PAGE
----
Around this time last year, the Cleveland Indians were providing a preview of the American League postseason.

Manager Terry Francona was using newly acquired reliever Andrew Miller in all sorts of situations, and for more than one inning if necessary. It was an approach that eventually helped the Indians win the American League pennant, with Miller the MVP of the AL Championship Series.

The Indians are only the latest team to show how important a good bullpen can be in the playoffs, but not everybody has a tireless star like Miller. Here’s a look at four other teams that are almost certain to be in the postseason this year – and how they might use their relievers.

Dodgers: Kenley Jansen might be the best reliever in baseball, and he threw 51 pitches in the Division Series finale last year at Washington, so Manager Dave Roberts knows he can handle an extended outing. What’s interesting is that Los Angeles appears to have a surplus of starters, so Roberts could convert at least one of them into a multi-inning option out of the bullpen.

Astros: Houston may be the team that most resembles the 2016 Indians. The Astros will lean on ace starter Dallas Keuchel, but there’s a drop-off after him in the rotation, which means the bullpen should be crucial. Ken Giles is the closer, but Chris Devenski is the X-factor. He went four innings in each of his first two appearances in April, and he’s gone at least two innings in 12 of his 49 outings in 2017.

Nationals: Washington’s bullpen has been a mess, but the Nationals added Sean Doolittle, Ryan Madson and Brandon Kintzler in recent weeks, and so far those three have combined for a 1.32 ERA for Washington. Doolittle has converted all 11 of his save chances for his new team. If that keeps up, the late innings in October may be less stressful than expected.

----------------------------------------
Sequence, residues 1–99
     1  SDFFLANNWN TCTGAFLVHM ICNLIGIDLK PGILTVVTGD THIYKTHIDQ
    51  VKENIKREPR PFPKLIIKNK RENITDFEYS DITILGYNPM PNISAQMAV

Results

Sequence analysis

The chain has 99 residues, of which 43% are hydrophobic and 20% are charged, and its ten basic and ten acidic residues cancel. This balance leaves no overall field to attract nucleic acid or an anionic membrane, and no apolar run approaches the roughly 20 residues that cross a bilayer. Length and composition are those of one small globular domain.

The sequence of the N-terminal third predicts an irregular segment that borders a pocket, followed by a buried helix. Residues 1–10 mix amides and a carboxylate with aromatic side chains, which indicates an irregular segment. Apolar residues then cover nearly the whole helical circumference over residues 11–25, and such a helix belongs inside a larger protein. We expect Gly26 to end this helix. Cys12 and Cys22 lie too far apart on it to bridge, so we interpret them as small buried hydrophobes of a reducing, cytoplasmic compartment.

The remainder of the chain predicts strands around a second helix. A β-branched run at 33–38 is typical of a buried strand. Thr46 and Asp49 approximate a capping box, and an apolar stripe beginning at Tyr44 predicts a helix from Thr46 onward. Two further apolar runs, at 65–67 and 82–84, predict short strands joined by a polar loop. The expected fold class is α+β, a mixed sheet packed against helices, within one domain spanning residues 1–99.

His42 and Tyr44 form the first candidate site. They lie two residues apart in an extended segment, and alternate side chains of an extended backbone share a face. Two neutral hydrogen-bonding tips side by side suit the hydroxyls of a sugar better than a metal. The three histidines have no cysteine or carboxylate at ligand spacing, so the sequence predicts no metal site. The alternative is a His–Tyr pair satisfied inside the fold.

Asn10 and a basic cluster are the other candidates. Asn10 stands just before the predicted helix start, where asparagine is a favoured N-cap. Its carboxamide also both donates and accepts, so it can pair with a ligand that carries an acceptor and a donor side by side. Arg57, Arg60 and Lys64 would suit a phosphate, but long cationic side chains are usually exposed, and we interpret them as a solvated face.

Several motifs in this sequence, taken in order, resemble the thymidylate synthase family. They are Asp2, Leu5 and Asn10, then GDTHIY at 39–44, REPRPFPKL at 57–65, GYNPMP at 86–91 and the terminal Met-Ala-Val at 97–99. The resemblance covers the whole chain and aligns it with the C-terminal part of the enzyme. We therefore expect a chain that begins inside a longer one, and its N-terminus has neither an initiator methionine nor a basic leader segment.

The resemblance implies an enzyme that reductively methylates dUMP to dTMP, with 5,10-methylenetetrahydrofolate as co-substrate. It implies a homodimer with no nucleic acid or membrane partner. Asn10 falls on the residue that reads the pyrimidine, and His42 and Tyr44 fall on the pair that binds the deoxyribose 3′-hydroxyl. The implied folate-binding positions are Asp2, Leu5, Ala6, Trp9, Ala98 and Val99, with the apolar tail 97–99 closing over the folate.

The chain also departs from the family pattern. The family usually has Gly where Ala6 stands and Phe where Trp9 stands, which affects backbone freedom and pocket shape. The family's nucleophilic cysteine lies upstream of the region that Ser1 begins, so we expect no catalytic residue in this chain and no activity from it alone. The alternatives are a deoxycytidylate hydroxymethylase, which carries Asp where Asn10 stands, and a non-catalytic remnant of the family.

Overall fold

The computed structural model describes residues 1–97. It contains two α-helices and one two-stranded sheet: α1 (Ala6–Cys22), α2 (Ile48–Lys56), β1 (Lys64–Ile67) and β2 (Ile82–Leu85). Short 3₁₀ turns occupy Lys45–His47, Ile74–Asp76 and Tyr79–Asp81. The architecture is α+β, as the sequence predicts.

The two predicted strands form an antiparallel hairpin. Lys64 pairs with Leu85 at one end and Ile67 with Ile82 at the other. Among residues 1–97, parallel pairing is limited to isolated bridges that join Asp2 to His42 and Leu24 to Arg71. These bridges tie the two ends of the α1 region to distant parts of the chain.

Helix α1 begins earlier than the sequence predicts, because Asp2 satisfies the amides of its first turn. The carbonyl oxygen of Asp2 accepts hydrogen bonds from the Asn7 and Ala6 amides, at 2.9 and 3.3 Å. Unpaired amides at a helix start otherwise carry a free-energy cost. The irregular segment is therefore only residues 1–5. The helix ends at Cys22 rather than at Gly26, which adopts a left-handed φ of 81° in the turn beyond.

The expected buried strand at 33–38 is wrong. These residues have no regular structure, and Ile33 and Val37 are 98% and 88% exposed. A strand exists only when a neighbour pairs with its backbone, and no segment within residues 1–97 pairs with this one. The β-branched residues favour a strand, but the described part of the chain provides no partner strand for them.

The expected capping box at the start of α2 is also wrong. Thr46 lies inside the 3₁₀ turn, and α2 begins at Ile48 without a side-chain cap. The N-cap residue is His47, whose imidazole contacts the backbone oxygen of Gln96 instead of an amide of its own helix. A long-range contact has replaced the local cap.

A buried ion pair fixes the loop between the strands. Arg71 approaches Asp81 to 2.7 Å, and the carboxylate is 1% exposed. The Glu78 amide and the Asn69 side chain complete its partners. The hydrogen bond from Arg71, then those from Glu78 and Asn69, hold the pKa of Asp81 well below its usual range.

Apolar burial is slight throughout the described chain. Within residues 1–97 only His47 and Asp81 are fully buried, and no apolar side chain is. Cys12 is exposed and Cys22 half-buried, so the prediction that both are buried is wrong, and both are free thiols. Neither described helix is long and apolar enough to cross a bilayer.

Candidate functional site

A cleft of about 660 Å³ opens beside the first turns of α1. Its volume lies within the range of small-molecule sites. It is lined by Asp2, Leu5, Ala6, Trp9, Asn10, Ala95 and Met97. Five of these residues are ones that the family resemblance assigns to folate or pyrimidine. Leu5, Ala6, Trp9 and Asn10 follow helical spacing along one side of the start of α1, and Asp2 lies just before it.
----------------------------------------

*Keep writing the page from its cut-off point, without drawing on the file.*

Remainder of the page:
Red Sox: Closer Craig Kimbrel has 99 strikeouts and only eight walks, and Boston acquired Addison Reed at the deadline. Those two are certainly capable of shutting teams down, but it’s not clear how much Manager John Farrell will push them. Kimbrel has thrown 11/3 innings or less in all but two of his appearances.

RANGERS: Texas opened a series against the Los Angeles Angels on Monday night without slugger Joey Gallo and reliever Matt Bush after a hard collision Sunday in which Gallo suffered a nasal fracture and Bush sprained a knee.

Neither player was with the team on its charter flight to Anaheim, and Bush was placed on the disabled list. Gallo is still on the active roster but is in MLB’s concussion protocol.

TWINS: Minnesota placed All-Star third baseman Miguel Sano on the 10-day disabled list because of a stress reaction in his left shin bone.

First baseman Kennys Vargas was recalled from Triple-A Rochester to fill Sano’s spot.

Sano is batting .267 with 15 doubles, 28 home runs and 77 RBI.

METS: Steven Matz has been pitching through pain most of the season, and the left-hander may need surgery to correct a recently discovered nerve issue in his elbow, sources told Newsday.

The nerve problem is similar to the one that forced Jacob deGrom to undergo a season-ending procedure last year.

Manager Terry Collins said Matz likely will be scratched from his scheduled start Tuesday and may wind up on the disabled list. But Collins declined to elaborate.

An elbow problem in spring training forced Matz onto the DL at the start of the year. He returned in June, but his performance only grew worse.

Matz has insisted that he is healthy, and he has kept pitching despite a checkered injury history that dates back to his earliest days in professional baseball.